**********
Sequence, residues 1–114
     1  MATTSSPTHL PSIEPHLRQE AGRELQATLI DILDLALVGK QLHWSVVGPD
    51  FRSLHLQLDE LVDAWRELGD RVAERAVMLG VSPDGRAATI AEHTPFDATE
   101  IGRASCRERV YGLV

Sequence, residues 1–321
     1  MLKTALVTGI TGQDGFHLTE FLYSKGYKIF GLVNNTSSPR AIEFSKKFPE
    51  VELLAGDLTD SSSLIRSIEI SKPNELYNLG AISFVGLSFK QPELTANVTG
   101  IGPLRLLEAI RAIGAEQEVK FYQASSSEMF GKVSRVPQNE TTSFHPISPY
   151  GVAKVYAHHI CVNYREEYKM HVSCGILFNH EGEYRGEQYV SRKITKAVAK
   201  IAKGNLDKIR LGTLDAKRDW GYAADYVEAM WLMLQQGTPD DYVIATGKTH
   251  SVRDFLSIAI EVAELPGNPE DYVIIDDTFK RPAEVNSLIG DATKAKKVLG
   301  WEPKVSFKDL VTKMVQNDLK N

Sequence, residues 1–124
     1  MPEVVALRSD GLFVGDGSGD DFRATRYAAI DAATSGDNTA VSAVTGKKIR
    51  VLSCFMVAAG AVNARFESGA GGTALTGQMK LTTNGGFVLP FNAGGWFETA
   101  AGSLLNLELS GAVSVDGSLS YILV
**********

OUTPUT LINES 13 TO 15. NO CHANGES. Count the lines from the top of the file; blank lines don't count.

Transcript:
Sequence, residues 1–124
     1  MPEVVALRSD GLFVGDGSGD DFRATRYAAI DAATSGDNTA VSAVTGKKIR
    51  VLSCFMVAAG AVNARFESGA GGTALTGQMK LTTNGGFVLP FNAGGWFETA